The reason for the increased risk is because information on logistical routes and times is OPSEC, and this kind of information is not divulged to anyone, especially Iraqi Security Forces who may still be badly affected by sectarianism and the presence of insurgents.

Maliki has made noises of extending the SOFA beyond 2011.

Speaking to an audience at the U.S. Institute of Peace in Washington, Maliki said the accord, known as the Status of Forces Agreement, would “end” the American military presence in his country in 2011, but “nevertheless, if Iraqi forces required further training and further support, we shall examine this at that time based on the needs of Iraq,” he said through translation in response to a question from The Washington Independent. “I am sure that the will, the prospects and the desire for such cooperation is found among both parties.”

Maliki continued, “The nature of that relationship – the functions and the amount of [U.S.] forces – will then be discussed and reexamined based on the needs” of Iraq…

The chances of the SOFA being extended beyond 2011 are nonexistent given the conditions under which it is being applied.  Any re-negotiation of the SOFA must provide maximum latitude to U.S. troops.

Prior:

House Arrest for U.S. Forces in Iraq

Iraqi Commanders Move to Restrict U.S. Troops Under SOFA

House Arrest for U.S. Forces in Iraq

BY Herschel Smith
5 years, 4 months ago

Prior: Iraqi Commanders Move to Restrict U.S. Troops Under SOFA

U.S. forces in Iraq may as well be under house arrest according to one Iraqi Colonel.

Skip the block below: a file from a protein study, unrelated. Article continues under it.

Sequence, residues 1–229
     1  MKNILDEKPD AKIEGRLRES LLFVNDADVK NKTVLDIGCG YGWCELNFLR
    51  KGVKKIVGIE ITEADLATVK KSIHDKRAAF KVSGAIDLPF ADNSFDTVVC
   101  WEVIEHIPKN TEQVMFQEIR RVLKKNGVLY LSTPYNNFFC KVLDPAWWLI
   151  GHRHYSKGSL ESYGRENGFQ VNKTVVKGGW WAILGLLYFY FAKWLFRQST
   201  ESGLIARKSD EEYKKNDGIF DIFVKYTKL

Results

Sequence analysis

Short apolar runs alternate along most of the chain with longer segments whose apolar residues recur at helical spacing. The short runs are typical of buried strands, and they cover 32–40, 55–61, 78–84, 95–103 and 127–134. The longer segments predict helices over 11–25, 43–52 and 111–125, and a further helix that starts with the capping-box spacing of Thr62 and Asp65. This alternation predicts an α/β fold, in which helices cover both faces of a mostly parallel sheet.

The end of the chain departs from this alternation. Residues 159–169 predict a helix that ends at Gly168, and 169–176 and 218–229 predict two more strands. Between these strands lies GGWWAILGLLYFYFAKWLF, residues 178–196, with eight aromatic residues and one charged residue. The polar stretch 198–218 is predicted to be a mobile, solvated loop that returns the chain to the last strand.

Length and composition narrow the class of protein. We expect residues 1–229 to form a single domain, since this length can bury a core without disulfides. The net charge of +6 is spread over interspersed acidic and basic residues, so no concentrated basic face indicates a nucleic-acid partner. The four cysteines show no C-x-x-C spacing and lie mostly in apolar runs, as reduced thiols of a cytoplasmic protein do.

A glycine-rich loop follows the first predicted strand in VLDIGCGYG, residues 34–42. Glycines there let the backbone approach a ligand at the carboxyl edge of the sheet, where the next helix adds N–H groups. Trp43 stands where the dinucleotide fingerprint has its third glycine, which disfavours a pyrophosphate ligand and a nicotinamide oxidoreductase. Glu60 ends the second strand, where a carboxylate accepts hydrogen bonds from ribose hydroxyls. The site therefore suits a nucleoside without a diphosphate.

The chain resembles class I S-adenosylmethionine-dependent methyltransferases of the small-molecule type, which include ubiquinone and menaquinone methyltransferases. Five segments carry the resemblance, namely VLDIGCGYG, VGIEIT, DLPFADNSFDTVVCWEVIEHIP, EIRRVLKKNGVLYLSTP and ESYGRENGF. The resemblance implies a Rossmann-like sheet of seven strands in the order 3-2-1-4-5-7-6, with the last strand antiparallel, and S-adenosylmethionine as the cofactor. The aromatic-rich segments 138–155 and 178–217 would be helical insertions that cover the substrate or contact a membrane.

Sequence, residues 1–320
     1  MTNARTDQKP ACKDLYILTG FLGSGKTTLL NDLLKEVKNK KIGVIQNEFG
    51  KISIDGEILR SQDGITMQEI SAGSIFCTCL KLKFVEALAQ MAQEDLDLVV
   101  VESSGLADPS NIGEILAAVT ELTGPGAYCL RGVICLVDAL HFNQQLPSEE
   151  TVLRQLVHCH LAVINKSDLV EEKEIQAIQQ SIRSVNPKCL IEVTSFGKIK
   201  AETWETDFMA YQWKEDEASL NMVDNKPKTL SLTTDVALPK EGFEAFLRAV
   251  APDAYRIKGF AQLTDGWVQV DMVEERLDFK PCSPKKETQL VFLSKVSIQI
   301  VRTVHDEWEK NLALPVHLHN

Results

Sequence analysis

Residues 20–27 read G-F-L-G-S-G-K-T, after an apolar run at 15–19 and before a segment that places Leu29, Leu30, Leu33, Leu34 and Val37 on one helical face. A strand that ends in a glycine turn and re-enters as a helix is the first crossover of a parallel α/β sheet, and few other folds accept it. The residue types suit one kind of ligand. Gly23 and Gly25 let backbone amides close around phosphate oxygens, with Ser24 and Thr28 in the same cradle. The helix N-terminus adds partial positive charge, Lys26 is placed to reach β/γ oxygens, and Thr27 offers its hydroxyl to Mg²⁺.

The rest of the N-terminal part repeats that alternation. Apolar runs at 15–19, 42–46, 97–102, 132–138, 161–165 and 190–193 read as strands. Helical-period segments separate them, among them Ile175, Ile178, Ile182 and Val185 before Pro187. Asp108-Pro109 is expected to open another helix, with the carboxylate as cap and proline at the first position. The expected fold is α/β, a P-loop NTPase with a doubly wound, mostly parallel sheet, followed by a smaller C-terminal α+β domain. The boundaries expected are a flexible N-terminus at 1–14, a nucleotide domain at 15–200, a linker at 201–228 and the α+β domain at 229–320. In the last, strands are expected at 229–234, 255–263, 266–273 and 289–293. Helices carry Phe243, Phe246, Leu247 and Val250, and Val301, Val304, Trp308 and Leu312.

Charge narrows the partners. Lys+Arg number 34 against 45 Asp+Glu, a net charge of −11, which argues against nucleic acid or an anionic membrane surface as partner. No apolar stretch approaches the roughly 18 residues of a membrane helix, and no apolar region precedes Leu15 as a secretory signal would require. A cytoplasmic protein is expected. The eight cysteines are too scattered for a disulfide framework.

The Iraqi military has turned down requests from American forces to move unescorted through Baghdad and conduct a raid since the transition of responsibility for urban security at the end of last month, an Iraqi military commander said Monday …

Col. Ali Fadhil, a brigade commander in Baghdad, said the transfer had occurred with minor friction in the capital where violence has dropped dramatically since the sectarian bloodletting and insurgent attacks that swept much of the country in past years.

Fadhil told The Associated Press about two occasions in which Iraqi troops turned down U.S. requests to move around the capital until they had Iraqi escorts, and one instance to conduct a raid, which the Iraqis carried out themselves.

“They are now more passive than before,” he said of U.S. troops. “I also feel that the Americans soldiers are frustrated because they used to have many patrols, but now they cannot. Now, the American soldiers are in prison-like bases as if they are under house-arrest.”

Outside urban areas, where U.S. troops are still free to move without Iraqi approval, Americans are assisting with the search and arrest of insurgents, manning checkpoints and continuing ongoing efforts to train Iraqi forces — from medics to helicopter pilots. U.S. soldiers recently advised Iraqi soldiers during a seven-hour humanitarian aid drop in Diyala province.

In Washington, Defense Secretary Robert Gates and the highest-ranking U.S. military officer, Joint Chiefs of Staff Adm. Mike Mullen, downplayed reports of tension. Both said cooperation is going well, and Gates said he has heard nothing to suggest that U.S. forces are in greater danger.

“There clearly are challenges, but I think the leadership is working its way through each one of those challenges,” Mullen said. “So I’m encouraged.”

Gates said he received a report on the issue Monday from the U.S. ground commander, Gen. Ray Odierno.

“He said that the level of cooperation and collaboration with the Iraqi security forces is going much better than is being portrayed publicly and in the media,” Gates told reporters at a Pentagon press conference.

As to whether U.S. forces are under “house arrest,” Gates offered a sly smile.

“It is perhaps a measure of our success in Iraq that politics have come to the country,” Gates said …

Hadi al-Amiri, a lawmaker and member of the parliament’s security and defense committee, said the Americans’ withdrawal from the cities went very smoothly — “like removing a hair from dough.”

Outside of cities, Americans are free to move without Iraqi approval, he said. “They have the right to respond to any attack. In Basra, the Americans have the right to return fire.”